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IPL 2014: Delhi Daredevils - Rally behind Kevin Pietersen

  • Season Preview of Kevin Pietersen-led Delhi Daredevils
FEATURED WRITER
Modified 16 Jan 2015, 00:54 IST

Kevin Pietersen needs to find the right team combination

If an outsider has a look at the Delhi Daredevils squad, the first question that would pop up in his/her mind is who has been entrusted with the role of captaincy, given that the role of coaches in cricket has become restricted.

For a case in point, look at what happens with Chennai Super Kings: Although they have a top notch tactician in Stephen Fleming, the team pretty much takes the MS Dhoni way of playing cricket, with Fleming being restricted to man-management. At the maximum, he can come up with suggestions over which Dhoni has the final say, as revealed by Fleming himself during the IPL last year.

Coming back to the Daredevils, Kevin Pietersen will be the one taking up the captaincy mantle. Could it have been better? I don’t think so (they could have wished for Rahul Dravid from RR, but he’s retired). Now, why is captaincy so important with the Delhi-based team?

Look at the composition of the squad. They have a slew of players in contention for the 6 (7) batting positions, and, with the exception of Pietersen himself, the others have either been misused terribly so far (read: Manoj Tiwary, Kedhar Jadhav, Saurabh Tiwary) or overrated (read: Murali Vijay and Quinton de Kock in subcontinental conditions).

A clueless captain, like Pune Warriors’ Aaron Finch in IPL 2013, can end up hurting the team big time. Had this squad been given to Finch and the Warriors, it would take a season for them to understand that they are doing it wrong and a season more to find ways to nullify the issues. Chances are that they would still have arrived at the wrong issues to fix.

You may have tried putting up the final playing 11 of all the teams, at least those who play fantasy cricket would have done it, and, once DD release their playing 11, look how far you have been off with respect to the way you have filled up the top 7.

What should the Daredevils playing 11 be, and what will it be (at least for the first few matches)? Where will they end up? What are the tactical shifts they need to make? I try to answer all the questions here.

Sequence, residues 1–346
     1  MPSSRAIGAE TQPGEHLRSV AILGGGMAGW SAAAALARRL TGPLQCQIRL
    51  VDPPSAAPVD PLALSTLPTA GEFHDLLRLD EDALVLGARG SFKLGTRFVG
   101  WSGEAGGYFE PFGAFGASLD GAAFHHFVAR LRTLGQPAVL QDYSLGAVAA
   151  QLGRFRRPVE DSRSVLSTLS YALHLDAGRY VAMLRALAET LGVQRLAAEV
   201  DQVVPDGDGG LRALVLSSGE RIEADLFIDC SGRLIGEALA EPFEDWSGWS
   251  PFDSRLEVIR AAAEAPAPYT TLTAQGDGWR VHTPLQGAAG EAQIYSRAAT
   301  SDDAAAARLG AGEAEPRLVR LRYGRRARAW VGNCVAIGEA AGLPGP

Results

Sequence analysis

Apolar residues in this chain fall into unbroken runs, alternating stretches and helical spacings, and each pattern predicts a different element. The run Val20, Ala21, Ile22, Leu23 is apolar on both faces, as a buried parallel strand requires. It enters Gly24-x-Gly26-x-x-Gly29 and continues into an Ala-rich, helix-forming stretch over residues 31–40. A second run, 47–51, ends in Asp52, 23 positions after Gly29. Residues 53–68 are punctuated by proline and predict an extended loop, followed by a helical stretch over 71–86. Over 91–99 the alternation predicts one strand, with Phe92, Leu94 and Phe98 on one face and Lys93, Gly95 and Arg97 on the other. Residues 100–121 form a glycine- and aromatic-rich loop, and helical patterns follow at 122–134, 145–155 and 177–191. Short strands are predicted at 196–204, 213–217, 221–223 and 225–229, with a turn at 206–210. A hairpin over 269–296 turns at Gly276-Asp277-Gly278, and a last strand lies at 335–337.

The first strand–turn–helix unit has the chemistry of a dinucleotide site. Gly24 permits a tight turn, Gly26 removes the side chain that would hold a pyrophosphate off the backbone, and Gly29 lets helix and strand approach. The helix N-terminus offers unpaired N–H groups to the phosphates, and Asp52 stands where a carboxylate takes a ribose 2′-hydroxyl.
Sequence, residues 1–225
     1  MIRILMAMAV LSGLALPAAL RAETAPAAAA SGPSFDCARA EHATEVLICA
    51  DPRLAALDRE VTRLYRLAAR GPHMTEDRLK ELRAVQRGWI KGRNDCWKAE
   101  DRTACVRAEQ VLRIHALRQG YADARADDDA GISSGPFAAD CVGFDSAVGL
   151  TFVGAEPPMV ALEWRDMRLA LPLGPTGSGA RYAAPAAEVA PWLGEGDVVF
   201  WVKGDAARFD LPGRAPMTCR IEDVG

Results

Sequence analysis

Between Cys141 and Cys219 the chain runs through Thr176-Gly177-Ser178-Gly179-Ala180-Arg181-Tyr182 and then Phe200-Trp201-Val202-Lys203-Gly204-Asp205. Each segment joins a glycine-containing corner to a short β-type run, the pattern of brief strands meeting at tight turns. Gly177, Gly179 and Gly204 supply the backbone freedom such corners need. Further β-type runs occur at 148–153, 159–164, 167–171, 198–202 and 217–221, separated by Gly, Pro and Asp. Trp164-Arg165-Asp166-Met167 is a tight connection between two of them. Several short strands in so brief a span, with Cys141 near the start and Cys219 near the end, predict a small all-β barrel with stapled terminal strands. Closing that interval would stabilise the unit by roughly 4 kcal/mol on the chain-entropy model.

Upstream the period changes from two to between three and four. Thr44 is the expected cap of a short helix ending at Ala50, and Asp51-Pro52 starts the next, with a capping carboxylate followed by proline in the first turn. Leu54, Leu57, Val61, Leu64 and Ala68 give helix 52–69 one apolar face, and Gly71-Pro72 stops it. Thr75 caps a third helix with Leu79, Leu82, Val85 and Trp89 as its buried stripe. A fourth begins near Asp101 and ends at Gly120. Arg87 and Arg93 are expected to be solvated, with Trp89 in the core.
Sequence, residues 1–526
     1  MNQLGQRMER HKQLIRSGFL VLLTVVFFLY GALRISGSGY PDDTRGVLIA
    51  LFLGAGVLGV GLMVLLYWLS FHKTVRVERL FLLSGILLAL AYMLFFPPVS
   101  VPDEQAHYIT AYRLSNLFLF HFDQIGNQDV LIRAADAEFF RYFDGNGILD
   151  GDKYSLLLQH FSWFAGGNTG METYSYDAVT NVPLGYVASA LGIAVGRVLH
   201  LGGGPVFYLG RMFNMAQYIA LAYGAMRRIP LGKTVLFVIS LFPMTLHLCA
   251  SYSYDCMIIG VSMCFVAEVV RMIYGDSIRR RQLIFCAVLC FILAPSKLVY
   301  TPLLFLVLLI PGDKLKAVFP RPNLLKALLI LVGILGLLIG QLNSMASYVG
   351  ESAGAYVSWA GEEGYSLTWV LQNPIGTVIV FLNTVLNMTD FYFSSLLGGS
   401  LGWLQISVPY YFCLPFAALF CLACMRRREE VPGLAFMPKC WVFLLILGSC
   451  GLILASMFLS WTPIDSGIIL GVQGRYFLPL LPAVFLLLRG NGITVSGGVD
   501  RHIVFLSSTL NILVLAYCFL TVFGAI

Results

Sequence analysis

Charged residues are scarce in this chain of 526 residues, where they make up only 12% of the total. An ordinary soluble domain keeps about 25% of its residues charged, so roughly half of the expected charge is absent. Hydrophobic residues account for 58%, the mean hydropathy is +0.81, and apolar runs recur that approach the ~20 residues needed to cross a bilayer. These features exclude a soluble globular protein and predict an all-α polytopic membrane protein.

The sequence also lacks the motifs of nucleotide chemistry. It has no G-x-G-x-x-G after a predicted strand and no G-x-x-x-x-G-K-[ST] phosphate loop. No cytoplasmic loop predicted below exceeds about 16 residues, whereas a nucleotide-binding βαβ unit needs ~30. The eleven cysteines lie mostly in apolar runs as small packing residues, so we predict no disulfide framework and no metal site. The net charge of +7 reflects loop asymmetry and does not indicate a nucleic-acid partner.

First things first: Let’s just take Quinton De Kock out of the equation, or else the very thought of having to explain why a subcontinental team doesn’t need De Kock will get on my nerves and reflect in the tone of the article.

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He is a South African top order batsman. He is not AB de Villiers. He can’t attack spinners.

While these may be enough, I have got more, too. He averages 13.33 in 3 T20Is in Sri Lanka (strike rate – 81.63) and 12.80 in 5 T20Is in Bangladesh (strike rate – 98.46), scoring a combined 104 runs in 8 innings in conditions similar to what he will be facing in the IPL. He has batted so poorly that knocks such as 38-ball 48* and 19-ball 30 at the UAE against Pakistan have to be considered as exceptions.

Moreover, in the 19-ball 30, he faced only 3 balls from spinners – 1 from Shoaib Malik and 2 from Saeed Ajmal – with majority of his runs coming against the pacers, before getting out to a spinner finally.

In the ODIs as well, he averages only 18.33 in Sri Lanka, scoring a paltry 55 runs in 3 matches. Again there are 3 knocks with scores of 40, 112 and 34 in the ODIs against Pakistan that may mislead you into believing that De Kock can be tried on the UAE decks. Dig deeper, as these stats can hoodwink you.

Let’s leave the 112 alone, and take into account the 40 and 34. Out of the 98 balls he faced to score those 74 runs spread over two matches, 33 were bowled by spinners. He managed to score only 18 runs off them, besides being dismissed by spinners – Ajmal and Shahid Afridi – on both those occasions. What does that mean? Being an opener, he has got off to a good start against pacers, who are used to bowl 5-over spells in ODIs, but, as soon as spinners are brought into the attack, his struggles have begun and eventually he has been put out of his misery.

The century is the only thing that stands in the way of establishing him as a poor player against spin. To that, I say, Yusuf Pathan has a 70-ball 105 in South Africa against a pace attack that had the likes of Dale Steyn and Morne Morkel; it doesn’t mean he can play on bouncy tracks.

I don’t say that De Kock will forever remain this way. He can certainly improve, but let us not hype him to the hilt. He surely doesn’t deserve a place as of now, even as a wicket-keeper. The 4 foreigner slots are pure gold, and need players of the highest calibre from the available lot. De Kock isn’t one, and I trust in Pietersen to get this right.


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Published 16 Apr 2014, 12:37 IST
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